Due Diligence Protocol
Art. 2 Verification of the contracting partner's identity
1. The banks undertake to verify the identity of the contracting partner when establishing business relations with said partner.
2. This regulation applies to:
- opening of accounts or passbooks;
- opening of securities accounts;
- entering into fiduciary transactions;
- renting of safe-deposit boxes;
- entering into management agreements for assets deposited with third parties;
- the execution of transactions with securities, currencies as well as precious metals and other commodities exceeding the amount of CHF 25,000.
- cash transactions exceeding the amount of CHF 25,000.
Art. 8 Tax evasion and similar acts
Banks shall not provide any assistance to their customers in acts aimed at deceiving Swiss and foreign authorities, particularly tax authorities, by means of incomplete or otherwise misleading attestations.
49.1 It is forbidden to remit to the customer personally or, at his or her request, directly to Swiss or foreign authorities, any incomplete or otherwise misleading attestations.
49.2. Authorities include, in particular, tax, customs, currency and bank supervisory authorities as well as prosecution authorities.
50.1 Subject to this prohibition are special attestations requested by the customer for submission to authorities.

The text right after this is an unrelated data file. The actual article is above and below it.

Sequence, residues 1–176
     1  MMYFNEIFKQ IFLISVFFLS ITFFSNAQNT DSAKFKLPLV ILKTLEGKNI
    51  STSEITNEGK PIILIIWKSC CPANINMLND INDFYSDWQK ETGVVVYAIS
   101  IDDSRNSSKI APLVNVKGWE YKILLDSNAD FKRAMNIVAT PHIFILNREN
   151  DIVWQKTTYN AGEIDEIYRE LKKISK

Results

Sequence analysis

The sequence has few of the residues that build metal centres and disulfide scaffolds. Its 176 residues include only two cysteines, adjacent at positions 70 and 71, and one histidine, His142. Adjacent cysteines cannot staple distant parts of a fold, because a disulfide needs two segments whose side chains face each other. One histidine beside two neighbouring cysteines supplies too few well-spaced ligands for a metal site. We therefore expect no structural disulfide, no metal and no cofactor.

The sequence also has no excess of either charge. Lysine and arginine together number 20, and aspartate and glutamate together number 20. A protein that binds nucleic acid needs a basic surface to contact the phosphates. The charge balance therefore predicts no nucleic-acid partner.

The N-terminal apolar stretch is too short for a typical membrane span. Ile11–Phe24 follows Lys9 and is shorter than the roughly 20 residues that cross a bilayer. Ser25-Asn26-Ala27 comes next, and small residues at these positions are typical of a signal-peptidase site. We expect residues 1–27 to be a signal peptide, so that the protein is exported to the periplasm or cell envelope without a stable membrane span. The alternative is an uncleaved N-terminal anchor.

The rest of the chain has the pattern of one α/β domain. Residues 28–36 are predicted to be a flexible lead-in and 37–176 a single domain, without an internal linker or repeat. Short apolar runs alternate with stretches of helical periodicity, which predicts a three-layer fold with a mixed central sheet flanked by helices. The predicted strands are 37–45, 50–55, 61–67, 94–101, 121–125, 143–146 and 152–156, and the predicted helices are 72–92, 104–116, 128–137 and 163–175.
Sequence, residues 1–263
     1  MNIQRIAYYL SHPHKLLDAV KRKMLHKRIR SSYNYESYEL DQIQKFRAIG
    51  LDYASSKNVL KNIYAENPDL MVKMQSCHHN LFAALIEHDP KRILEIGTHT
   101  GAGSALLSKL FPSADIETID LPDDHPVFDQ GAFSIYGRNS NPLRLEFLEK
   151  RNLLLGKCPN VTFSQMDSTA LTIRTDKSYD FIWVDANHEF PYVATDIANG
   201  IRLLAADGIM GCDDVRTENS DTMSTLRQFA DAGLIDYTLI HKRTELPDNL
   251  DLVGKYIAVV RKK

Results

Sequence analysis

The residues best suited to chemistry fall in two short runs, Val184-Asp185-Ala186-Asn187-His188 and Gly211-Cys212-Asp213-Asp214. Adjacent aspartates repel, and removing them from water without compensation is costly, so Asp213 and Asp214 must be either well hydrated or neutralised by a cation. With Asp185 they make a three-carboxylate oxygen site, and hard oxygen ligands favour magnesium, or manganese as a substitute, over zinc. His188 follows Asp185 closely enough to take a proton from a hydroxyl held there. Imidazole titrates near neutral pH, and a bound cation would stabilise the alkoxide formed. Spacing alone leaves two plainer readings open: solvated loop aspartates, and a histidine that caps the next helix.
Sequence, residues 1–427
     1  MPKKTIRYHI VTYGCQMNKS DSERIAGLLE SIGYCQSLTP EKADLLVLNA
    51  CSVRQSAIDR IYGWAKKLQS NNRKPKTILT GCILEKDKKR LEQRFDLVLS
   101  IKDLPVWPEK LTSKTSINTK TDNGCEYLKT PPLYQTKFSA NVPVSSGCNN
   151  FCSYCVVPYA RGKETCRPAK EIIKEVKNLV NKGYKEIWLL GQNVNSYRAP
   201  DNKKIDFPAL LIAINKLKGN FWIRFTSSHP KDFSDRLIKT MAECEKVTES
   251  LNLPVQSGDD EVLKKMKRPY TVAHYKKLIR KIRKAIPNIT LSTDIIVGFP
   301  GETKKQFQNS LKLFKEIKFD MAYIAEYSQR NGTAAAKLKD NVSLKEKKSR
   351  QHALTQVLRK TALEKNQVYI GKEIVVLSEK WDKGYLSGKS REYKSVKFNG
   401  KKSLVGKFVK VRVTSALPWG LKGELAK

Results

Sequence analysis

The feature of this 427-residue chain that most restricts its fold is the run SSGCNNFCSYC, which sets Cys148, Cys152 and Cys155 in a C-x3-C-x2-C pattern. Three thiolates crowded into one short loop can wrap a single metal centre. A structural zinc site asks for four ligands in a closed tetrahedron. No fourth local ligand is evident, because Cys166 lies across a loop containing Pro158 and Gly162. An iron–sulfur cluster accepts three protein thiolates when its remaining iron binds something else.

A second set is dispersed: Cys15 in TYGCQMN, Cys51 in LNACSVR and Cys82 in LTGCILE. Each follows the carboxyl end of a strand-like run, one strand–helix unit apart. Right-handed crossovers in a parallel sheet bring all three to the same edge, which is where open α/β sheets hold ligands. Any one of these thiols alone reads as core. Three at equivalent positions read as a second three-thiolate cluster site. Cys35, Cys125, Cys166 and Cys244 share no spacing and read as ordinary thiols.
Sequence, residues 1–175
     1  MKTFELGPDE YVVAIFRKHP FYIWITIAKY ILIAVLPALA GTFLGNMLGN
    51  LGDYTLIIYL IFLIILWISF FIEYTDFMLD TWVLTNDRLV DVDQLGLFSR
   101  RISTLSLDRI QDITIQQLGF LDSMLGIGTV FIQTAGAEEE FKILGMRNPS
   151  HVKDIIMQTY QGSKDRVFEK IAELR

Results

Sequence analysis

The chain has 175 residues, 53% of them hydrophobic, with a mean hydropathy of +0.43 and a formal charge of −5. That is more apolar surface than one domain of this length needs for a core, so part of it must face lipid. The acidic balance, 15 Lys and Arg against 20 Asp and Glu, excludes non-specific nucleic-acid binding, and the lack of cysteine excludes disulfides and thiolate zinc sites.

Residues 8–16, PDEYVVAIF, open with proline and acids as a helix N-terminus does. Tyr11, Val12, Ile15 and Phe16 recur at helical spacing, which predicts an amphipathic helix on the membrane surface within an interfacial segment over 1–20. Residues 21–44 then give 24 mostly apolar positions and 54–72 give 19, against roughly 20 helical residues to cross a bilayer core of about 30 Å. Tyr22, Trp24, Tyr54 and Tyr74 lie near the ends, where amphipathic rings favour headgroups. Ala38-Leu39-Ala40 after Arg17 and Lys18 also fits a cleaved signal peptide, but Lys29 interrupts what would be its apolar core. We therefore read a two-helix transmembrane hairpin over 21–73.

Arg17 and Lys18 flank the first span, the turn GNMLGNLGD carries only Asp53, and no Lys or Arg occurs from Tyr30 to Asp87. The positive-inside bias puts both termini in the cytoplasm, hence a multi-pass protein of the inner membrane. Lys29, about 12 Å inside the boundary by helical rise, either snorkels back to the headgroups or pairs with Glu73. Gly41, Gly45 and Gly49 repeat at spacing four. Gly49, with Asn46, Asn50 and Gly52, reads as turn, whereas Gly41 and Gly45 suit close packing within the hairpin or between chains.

50.2 The bank is not permitted to alter routine records, such as statements of account and securities, credit and debit advices, settlement notes for foreign exchange transactions, coupon and stock exchange transactions, for the purpose of deception.
51.1 Attestations are incomplete if significant facts are omitted in order to deceive authorities; for example if the bank, at the given request of the customer, omits certain items from a given attestation or from a statement of account or securities.
51.2 It is not necessary to mention in the statements of account or deposit that the same customer holds other accounts or deposits.
52 Attestations are misleading if the facts are presented in an untruthful manner to deceive the authorities, such as:
a) by showing false dates, false amounts or fictitious rates or by issuing credit and debit advices showing false information about the persons debited or credited;
b) by attesting to fictitious claims or debts (regardless of whether or not the attestation reflects the bank's records).
c) by allowing customers to use the bank's nostro accounts for the purpose of cutting tax duties.